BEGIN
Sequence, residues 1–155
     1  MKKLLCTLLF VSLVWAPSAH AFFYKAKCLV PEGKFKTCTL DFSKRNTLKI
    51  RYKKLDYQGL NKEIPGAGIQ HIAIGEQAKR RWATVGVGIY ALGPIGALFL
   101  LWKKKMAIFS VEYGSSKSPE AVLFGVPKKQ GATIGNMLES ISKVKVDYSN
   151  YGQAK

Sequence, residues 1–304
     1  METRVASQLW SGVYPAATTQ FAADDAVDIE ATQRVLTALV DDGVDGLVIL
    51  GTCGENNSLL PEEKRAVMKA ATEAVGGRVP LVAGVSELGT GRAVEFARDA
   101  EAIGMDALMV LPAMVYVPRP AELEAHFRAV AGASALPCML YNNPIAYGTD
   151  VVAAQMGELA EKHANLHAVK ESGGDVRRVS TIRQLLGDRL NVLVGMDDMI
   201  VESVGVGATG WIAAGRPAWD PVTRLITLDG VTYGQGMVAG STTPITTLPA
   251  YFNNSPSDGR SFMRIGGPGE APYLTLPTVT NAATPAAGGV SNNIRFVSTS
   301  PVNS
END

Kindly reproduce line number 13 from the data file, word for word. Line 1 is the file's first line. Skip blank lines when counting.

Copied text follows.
   301  PVNS